Ume Plum Sauce with Pink Lady Apple and Cranberry is a tribute to my dear friend and long-time cooking buddy Ayako Iino. I’ve cooked side-by-side with Ayako at San Francisco Bay Area catering companies and restaurants such as Oliveto, Boulette’s Larder, and the Metropolitan Club. A master Japanese chef with pickled Napa cabbage, marinated squid, and plum blossoms in her veins, Ayako’s sensitivity and awareness of each ingredient’s potential allows her to consistently create not just new dishes but a whole line of Ume plum treats.
One of the best memories of my life so far was helping Ayako move her sundried Ume plums from drying racks into buckets of shiso infused syrup. On a valley-warm, late summer day when the dryness seeped into corn stalks and withering roadside chicories, I worked under Ayako’s direction. Amid fields of eggplant, tomato, and sunflower at Capay Valley’s Full Belly Farm, we worked with the heating sun, walking from the fruit drying rack area to the new barn. Full Belly is one of the most productive and authentic small organic farms in the world, and the network of farmers and the abundance of river water and its sediment make Capay Valley one of the most productive agricultural areas in the world. The care that Ayako took with each plum reminded me of how at Oliveto she would attentively pull each thread of fingerling potato skin so as not to injure the potato and rip off any of its flesh. In the small Capay, you are sided by large rolling hills, pine, oak, and the bounty of numerous small organic farms. The ripe tomato resin and broken dried hay smell filled the valley air as we moved under the late summer sun.
Ayako’s Ume plum business has since taken off, and in addition to winning Good Food awards in SF, she has tented out her business to sell not only online at https://yumeboshiplum.com but at Berkeley Bowl, The Local Butcher Shop, Bi-Rite, Farmshop, Dimes Deli, and the Oakville Grocery (and more places—see her website).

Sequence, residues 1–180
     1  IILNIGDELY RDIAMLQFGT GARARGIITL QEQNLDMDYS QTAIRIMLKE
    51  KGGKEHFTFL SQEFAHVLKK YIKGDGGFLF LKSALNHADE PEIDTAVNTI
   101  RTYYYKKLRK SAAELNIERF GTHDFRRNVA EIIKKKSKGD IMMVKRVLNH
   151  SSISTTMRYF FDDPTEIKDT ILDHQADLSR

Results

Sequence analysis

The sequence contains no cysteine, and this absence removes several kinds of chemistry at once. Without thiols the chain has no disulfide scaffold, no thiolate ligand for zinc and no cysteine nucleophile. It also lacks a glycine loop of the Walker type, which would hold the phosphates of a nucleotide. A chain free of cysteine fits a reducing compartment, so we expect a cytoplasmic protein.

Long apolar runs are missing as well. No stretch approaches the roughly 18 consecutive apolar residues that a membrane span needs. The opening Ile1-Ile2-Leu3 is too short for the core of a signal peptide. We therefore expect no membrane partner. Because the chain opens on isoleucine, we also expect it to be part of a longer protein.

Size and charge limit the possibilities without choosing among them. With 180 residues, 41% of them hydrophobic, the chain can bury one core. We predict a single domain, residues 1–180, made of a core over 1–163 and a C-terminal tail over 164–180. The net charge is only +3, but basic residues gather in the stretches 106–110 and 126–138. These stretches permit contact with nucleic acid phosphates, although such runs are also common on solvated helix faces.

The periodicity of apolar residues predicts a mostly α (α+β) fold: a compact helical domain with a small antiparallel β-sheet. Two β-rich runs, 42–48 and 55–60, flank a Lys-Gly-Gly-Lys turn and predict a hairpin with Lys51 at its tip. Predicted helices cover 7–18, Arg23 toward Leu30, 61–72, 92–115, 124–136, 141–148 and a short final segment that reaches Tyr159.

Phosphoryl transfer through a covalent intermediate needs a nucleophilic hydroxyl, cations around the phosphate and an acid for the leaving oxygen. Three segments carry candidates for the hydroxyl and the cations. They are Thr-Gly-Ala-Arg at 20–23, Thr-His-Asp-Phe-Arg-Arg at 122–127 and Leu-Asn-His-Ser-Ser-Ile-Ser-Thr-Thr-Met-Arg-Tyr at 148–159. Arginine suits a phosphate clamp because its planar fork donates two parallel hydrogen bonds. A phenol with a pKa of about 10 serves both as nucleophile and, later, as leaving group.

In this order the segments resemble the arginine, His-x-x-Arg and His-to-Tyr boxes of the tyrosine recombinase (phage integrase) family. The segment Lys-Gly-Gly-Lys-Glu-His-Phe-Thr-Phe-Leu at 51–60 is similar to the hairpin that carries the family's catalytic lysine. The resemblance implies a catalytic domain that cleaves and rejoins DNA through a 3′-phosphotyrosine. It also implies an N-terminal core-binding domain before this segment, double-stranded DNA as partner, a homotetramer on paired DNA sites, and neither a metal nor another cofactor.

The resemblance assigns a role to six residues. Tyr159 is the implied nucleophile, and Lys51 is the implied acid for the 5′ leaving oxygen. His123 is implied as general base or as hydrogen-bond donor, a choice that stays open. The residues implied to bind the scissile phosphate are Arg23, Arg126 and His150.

The dance of Ume plum, Pink Lady apple, cranberry, and sublime Shiso syrup creates a sweet, salty, acidic drama that will entangle a crispy duck or chicken breast in its flavor clutches. If you are sick of cranberry sauce and its variations, try something new this Thanksgiving with this quick and easy sauce. Including prep time, this play on the traditional Thanksgiving sauce will take under 15 minutes to make. Ume Plum Sauce can be paired with turkey, duck, chicken, or pork as well as roasted cauliflower, or you could enjoy it mixed into an arugula salad with roasted almonds (and blue cheese if you can take it) for some vegetarian love.
4 Ume Plums, torn into small pieces
1 Pink Lady apple, small diced
¼ cup cranberries
¼ teaspoon jalapeno, finely chopped
¼ teaspoon mustard seed
1 tablespoon red shiso syrup
2 teaspoons olive oil
Salt, to taste
1. Place the olive oil in a small sauté pan and turn the heat on medium-high.
2. Add in the torn Ume, cranberry, diced apple, mustard seed, and salt and cook the mixture for about four minutes.
3. Add in the chopped jalapeno and cook for another minute or two.
4. Turn the heat off and add in the red shiso syrup.
5. Check the sauce for balance and seasoning, and serve with roasted duck, turkey, chicken, or pork.